We are fighting for international solidarity and democratic participation in global politics. Civil society needs to have a say when it comes to solving problems and making rules that apply to all of us. The common good, and not the interests of the economically powerful, should be front and center – also on the global stage. International organizations that take the wellbeing of all human beings into account can play a vital role in the reduction of global inequality and the implementation the United Nation's 2030 Agenda for Sustainable Development – with shared politics, responsibilities and cooperation.
In the global political order that we and our partners advocate for all over the world, states work together as equal partners in finding consensus-oriented solutions. The goal is a multilateral system in which all countries strive for a long-term, structural and social transformation – just like it was laid down in the 2030 Agenda.
Such a mission is beyond the scope of single states' development efforts: Changing the world is a global task.
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More and more actors are turning away from supporting international organizations and multilateralism as a whole. Why do we need to act multilaterally anyway? Because our world is shaped by networks, by shared risks and mutual dependency. Because rule-bound decisions on a global stage, on the basis of equal cooperation between states, is an achievement. Because global problems require coordinated efforts.
In times of multiple global crises we need a new form of international cooperation. That's why we advocate for international solidarity and democratic participation in global politics. The role of civil society in solving problems that affect all of society should not be an abstract ideal. It ensures that the common good – and not just the interests of powerful economic players – takes precedence on the global stage. Also, involving civil society actors at every step strengthens transparency and accountability at global forums.
We are committed to ensuring that multilateral organizations play a key role in reducing inequality – through international cooperation, global policies and multilateral commitments. Last but not least, states need to support each other and work together to reach the Sustainable Development Goals set down in the 2030 Agenda. For these Goals are at the core of our vision for a global world order.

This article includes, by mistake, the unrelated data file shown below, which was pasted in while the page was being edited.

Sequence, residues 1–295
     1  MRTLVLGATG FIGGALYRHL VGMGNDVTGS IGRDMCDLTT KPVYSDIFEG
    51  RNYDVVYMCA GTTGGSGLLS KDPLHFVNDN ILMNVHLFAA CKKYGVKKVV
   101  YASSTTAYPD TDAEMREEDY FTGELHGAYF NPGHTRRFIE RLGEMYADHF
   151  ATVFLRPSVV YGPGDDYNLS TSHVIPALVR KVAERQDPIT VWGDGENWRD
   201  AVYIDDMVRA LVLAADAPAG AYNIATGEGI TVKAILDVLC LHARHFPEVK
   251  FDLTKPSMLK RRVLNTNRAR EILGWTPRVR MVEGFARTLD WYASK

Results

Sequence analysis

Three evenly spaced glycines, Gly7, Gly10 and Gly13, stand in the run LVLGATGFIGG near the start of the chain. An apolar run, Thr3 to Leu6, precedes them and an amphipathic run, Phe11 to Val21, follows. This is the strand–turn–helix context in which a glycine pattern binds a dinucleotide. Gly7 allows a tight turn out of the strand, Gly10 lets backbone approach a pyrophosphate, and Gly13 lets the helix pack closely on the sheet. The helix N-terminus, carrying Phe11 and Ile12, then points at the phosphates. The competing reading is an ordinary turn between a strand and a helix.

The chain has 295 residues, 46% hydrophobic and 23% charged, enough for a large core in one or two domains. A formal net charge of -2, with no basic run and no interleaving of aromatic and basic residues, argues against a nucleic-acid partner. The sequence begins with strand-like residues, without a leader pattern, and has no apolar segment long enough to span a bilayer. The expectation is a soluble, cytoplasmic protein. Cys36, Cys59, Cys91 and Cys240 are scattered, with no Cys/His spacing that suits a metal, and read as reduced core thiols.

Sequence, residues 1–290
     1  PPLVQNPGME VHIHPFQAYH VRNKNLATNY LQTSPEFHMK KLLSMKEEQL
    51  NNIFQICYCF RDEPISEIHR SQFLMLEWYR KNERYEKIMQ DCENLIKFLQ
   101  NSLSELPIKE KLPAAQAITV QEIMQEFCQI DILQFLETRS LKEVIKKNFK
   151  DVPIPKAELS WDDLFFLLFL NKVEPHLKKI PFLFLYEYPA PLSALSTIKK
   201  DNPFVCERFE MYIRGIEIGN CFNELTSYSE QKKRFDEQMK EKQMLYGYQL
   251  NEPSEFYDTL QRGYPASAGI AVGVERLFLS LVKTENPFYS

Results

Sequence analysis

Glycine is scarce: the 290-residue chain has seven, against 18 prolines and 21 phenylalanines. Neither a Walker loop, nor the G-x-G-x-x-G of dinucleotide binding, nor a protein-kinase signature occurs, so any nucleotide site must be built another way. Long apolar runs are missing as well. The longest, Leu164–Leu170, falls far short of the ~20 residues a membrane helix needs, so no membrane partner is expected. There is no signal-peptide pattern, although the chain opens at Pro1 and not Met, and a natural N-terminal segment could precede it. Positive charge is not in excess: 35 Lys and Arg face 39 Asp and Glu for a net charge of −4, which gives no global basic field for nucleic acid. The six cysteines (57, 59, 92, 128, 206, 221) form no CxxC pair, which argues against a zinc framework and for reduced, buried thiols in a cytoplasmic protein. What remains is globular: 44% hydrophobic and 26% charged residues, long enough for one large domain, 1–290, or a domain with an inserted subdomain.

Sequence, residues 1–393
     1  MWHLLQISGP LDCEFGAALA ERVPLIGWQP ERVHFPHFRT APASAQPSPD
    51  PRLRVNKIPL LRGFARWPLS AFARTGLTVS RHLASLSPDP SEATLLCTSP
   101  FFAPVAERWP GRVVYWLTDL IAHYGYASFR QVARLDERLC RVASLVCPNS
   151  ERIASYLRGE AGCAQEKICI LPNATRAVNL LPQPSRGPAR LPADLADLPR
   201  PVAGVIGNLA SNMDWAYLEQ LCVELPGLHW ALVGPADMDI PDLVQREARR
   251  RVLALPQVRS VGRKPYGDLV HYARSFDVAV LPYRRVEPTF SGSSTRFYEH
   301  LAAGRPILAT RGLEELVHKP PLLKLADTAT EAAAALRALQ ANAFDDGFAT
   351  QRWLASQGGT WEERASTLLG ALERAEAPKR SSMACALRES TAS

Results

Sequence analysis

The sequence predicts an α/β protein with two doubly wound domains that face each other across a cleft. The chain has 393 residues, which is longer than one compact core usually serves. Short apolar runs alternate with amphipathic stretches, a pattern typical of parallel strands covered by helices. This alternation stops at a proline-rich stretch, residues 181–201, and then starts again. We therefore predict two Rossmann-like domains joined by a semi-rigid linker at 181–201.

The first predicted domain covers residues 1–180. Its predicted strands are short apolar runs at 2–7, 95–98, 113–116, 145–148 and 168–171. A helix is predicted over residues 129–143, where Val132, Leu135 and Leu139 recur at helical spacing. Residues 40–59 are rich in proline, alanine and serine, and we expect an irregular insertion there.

When we look at “development”, we don't just regard this to be an issue of the “Global South”, “poor countries” or “developing states”. On the contrary, we are envisioning a global political order in which states work together as equal partners in finding consensus-oriented solutions. The ultimate goal is a multilateral system in which all countries strive for a long-term, structural and social transformation as defined in the 2030 Agenda. Such an ambitious endeavor cannot be carried out by the development efforts of single states alone. “Development” is a global mission in which non-state actors play a central role.
For more Solidarity in Institutions and a Strong Civil Society: Our Approach
We enable representatives of the Global South – such as trade unions, civil society organizations, networks and social movements – to take part in international debates, for instance at the United Nations, Bretton Woods Institutions and other relevant global forums. We also raise awareness for alternative solutions outside of formal institutions at the World Social Forum. And we take part in official consultations and so-called “side events” as well.
Our partner initiatives and networks review the implementation of international agreements like the 2030 Agenda and remind rich states of their obligations. In this way, we can play a part in making international policy more just. Our partners also make valuable contributions to global politics by continuously drawing attention to human rights, the environment and development and by questioning the global economic system.
The Friedrich-Ebert-Stiftung's entire international work is based on the 2030 Agenda's 17 Global Sustainable Development Goals. Every year, the "Spotlight Report" published by the Civil Society Reflection Group points out – yet again – that the problem lies not in acknowledging the goals, but rather in implementing them. So far, most states are struggling to transfer the 2030 Agenda's transformative ideas into their national policies. The report shines a particular spotlight on Financing for Development.
In order to not only increase the sum of Financing for Development (FfD), but to also make it more effective in fighting against poverty, the international finance system needs to be improved. To further this goal, ever since 2008 the FES office in New York has been organizing a forum in which government officials, multilateral organizations, civil society and the private sector can exchange ideas. Simultaneously, we support the strategy meetings run by the civil society platform CSOs for FfD, an organization that has been a vocal part of discussions on FfD ever since the Doha Round. The FES is also partnering with many of the platform members in their project countries. In addition, the FES office in Geneva – together with the United Nations Conference on Trade and Development (UNCTAD) – has been organizing the FfD Forum. This Forum is a meeting of an intergovernmental group of experts, but the FES invited civil society experts as well.